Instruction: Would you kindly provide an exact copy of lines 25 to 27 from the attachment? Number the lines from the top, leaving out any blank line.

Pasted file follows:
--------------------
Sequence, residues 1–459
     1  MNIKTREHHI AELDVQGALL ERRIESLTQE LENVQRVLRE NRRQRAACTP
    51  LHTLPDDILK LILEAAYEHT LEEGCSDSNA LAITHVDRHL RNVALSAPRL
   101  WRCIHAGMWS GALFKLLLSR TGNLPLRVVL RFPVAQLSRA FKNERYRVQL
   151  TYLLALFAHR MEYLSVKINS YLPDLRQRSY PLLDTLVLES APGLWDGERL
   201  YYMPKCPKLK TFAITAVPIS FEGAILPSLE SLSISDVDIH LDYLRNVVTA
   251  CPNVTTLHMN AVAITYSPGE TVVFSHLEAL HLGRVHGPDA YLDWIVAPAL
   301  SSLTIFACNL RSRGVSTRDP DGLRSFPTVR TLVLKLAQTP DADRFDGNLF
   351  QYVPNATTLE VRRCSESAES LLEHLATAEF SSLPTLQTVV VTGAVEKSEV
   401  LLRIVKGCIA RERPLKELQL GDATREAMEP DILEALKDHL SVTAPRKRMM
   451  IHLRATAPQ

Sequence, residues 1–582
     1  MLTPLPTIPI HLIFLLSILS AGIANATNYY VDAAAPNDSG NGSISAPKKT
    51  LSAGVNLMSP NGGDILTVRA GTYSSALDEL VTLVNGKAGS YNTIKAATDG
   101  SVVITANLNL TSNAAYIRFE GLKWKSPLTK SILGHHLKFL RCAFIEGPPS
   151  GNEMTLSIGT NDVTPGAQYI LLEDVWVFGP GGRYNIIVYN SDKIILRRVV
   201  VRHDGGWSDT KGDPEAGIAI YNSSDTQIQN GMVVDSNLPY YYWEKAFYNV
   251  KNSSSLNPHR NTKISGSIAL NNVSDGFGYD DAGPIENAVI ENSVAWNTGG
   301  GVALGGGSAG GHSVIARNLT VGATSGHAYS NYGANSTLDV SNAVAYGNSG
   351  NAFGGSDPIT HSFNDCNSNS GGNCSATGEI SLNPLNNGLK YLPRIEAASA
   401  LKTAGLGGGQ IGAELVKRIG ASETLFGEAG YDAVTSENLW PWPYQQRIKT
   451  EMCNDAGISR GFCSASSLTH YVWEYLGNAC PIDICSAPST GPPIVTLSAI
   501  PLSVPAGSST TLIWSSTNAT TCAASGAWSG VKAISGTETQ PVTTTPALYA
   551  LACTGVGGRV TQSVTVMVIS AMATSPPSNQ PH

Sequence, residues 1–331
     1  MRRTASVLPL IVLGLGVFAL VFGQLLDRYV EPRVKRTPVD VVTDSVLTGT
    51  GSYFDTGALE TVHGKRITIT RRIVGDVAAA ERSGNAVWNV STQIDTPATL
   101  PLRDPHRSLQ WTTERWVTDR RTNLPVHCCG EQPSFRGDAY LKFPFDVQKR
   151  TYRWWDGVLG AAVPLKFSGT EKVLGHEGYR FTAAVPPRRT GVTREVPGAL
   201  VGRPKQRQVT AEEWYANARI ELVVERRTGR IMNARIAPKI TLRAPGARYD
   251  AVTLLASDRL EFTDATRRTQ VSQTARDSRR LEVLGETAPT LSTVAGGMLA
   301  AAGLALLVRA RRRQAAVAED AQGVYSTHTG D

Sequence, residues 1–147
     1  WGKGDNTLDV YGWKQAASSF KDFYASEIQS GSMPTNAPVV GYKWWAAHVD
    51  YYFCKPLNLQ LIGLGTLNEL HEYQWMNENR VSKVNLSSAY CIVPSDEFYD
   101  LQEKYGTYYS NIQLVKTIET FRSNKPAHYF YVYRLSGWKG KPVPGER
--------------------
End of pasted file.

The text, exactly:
Sequence, residues 1–331
     1  MRRTASVLPL IVLGLGVFAL VFGQLLDRYV EPRVKRTPVD VVTDSVLTGT
    51  GSYFDTGALE TVHGKRITIT RRIVGDVAAA ERSGNAVWNV STQIDTPATL